Economic Community of West African States

Economic Community of West African States

As part of its plans to make Africa a more integrated continent, leaders of the Economic Community of West African States have adopted the name “ECO” for a planned single currency to be used in the region.

The 15-member group announced the decision at an ECOWAS summit in Abuja, Nigeria’s capital, last month.

Eight ECOWAS countries — Benin, Burkina Faso, Guinea-Bissau, Ivory Coast, Mali, Niger, Senegal and Togo — currently use the CFA franc.

Other member countries would be swapping their currencies for the new ECO. The other members are Cape Verde, Gambia, Ghana, Guinea, Liberia, Nigeria and Sierra Leone.

ECO is intended to boost economic development in the West African region and improve cross-border trade. Originally intended to be launched in 2000, the ECO has been postponed multiple times, and the newest target date is 2020.

According to an internal document seen by CNN, ECOWAS will work with the West African Monetary Agency, the West Africa Monetary Institute and central banks to speed up implementation of a new road map for the single currency.

If implemented, countries across the region will be able to move and spend money across different countries without worrying about exchange rate costs, said economic analyst Tokunbo Afikuyomi.

“The single currency, if properly implemented, will improve trade by allowing specific countries to specialize at what they are good at, and exchange it for other goods that other countries in the bloc produce more efficiently,” he told CNN.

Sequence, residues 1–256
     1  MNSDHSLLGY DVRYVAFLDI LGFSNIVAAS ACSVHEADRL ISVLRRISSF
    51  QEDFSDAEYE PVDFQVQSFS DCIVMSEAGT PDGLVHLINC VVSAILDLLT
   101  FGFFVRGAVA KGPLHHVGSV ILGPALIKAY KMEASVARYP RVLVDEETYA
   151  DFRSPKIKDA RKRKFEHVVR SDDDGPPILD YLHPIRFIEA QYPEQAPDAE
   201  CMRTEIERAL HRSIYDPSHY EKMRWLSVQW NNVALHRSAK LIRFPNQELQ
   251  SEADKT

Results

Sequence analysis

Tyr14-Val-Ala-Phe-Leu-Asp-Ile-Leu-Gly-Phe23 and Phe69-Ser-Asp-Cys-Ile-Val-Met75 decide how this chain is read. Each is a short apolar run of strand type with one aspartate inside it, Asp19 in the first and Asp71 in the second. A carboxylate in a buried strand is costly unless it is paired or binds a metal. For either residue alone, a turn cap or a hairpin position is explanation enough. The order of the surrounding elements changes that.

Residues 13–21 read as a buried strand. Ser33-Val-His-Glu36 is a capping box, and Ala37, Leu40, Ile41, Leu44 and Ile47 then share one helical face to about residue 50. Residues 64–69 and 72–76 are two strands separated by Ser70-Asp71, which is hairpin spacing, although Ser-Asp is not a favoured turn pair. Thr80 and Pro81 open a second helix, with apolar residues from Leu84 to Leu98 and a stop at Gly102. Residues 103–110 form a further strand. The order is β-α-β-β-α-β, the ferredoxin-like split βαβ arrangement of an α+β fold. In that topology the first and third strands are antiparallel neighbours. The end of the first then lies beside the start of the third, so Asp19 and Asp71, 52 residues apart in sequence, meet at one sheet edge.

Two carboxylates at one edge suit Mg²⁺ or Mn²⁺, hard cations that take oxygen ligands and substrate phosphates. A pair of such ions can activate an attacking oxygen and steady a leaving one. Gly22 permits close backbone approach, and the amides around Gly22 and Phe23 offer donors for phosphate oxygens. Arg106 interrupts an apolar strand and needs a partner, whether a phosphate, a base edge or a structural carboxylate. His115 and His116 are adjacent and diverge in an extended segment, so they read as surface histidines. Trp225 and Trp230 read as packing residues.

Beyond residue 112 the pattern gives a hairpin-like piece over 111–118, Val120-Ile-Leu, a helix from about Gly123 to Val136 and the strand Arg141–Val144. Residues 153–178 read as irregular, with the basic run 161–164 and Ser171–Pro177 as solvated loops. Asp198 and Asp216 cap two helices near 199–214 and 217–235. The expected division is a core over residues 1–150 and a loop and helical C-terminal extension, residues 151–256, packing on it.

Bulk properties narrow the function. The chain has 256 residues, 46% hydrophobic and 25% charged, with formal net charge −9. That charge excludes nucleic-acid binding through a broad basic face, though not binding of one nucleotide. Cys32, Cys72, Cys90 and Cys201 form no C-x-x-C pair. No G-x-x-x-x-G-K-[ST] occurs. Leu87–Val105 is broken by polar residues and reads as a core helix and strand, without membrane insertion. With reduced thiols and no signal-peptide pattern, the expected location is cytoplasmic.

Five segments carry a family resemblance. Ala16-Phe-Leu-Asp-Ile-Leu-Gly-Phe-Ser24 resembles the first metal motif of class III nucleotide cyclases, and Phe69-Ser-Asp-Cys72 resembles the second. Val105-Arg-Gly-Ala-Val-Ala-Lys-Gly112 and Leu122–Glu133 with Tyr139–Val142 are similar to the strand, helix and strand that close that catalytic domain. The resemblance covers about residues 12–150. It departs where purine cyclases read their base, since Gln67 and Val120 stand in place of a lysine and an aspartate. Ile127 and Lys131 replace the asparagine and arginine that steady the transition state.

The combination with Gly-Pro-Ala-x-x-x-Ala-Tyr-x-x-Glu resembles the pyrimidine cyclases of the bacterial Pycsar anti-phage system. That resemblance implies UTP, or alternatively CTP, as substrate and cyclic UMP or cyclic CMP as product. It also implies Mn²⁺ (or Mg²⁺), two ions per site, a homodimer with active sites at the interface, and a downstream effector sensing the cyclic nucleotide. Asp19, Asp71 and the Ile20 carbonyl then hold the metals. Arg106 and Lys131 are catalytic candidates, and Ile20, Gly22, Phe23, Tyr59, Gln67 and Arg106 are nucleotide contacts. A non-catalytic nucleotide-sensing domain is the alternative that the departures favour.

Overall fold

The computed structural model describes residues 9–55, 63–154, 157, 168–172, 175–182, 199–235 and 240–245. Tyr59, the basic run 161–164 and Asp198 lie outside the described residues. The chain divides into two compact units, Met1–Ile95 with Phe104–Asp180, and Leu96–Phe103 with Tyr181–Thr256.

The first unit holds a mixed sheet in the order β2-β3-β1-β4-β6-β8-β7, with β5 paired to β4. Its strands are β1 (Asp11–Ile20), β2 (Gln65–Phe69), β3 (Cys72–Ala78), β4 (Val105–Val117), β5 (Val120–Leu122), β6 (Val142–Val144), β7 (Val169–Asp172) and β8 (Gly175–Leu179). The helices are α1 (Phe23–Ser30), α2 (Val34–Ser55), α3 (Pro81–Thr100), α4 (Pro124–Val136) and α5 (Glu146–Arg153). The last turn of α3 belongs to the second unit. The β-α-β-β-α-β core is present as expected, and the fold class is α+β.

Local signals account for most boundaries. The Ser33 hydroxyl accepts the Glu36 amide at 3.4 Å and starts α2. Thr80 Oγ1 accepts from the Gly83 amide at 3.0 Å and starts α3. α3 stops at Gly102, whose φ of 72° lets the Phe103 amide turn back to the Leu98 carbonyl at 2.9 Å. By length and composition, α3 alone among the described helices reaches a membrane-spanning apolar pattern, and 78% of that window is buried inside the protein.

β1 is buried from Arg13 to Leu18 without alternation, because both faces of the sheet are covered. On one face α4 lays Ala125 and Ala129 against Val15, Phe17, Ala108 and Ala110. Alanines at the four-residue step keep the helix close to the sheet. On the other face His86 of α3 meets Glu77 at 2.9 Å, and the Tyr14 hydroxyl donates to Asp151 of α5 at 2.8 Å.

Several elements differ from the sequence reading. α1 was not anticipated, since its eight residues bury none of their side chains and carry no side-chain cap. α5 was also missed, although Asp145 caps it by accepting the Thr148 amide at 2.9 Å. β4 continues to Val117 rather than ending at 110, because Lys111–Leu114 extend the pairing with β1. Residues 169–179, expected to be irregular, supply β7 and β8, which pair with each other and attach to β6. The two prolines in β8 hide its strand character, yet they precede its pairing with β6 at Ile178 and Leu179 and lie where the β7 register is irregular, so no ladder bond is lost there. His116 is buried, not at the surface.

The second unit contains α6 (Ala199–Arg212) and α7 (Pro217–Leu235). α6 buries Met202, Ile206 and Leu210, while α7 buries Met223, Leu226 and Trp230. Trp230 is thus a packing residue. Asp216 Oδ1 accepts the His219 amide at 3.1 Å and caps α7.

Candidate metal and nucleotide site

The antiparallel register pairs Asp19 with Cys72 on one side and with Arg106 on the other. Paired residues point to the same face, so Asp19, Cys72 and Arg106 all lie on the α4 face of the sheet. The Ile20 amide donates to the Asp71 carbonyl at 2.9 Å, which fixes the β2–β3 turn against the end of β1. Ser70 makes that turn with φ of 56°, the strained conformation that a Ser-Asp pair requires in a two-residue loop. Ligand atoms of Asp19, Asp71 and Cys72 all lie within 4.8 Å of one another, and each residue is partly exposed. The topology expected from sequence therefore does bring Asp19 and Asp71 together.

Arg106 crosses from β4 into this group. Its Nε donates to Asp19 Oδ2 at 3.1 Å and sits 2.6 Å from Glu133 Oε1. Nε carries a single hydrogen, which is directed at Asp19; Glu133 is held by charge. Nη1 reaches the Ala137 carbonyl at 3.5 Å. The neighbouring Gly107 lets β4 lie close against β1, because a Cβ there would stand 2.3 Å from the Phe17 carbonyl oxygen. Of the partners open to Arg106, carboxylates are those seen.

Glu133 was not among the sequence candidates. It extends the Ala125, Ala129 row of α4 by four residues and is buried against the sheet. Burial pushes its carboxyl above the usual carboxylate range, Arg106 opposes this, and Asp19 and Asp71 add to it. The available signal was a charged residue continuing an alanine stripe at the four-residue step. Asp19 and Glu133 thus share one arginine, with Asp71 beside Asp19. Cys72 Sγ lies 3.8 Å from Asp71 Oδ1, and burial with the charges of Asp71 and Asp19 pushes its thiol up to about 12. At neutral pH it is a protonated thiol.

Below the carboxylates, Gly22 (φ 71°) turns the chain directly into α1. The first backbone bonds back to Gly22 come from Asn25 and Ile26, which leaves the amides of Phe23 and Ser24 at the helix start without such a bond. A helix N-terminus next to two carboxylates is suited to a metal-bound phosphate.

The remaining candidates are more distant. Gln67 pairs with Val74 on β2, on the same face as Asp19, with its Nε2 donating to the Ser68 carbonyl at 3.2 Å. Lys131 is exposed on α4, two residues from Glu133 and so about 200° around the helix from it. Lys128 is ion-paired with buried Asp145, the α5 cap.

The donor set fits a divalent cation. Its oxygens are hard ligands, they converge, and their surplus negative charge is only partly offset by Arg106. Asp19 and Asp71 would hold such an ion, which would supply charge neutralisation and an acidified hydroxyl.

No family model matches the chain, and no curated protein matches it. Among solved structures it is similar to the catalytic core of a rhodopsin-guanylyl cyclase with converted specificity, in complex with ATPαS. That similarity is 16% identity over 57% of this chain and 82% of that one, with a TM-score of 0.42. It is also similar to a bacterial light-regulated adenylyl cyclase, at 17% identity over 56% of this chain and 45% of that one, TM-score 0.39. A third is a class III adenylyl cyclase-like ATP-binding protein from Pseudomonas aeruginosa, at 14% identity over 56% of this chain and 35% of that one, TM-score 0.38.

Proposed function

The single currency will also help to address the region’s monetary problems, like the difficulty in converting some currencies and the lack of independence of central banks.

But analysts remain worried about the lack of integration policies among member countries. Afikuyomi said a single currency will work only if all the countries involved are economically aligned, which is not the current case.

“The Guinean economy, for example, has a GDP of around $7 billion — that’s less than Nigeria’s 13th largest state, Abia, with $8.7 billion. This difference in economies already makes a sensible uniform policy like the trade currency very difficult,” he said.

The African Development Bank Group in a report said the 2020 deadline for the single currency will most like be postponed again unless the region can align its monetary and fiscal policies. — (CNN)

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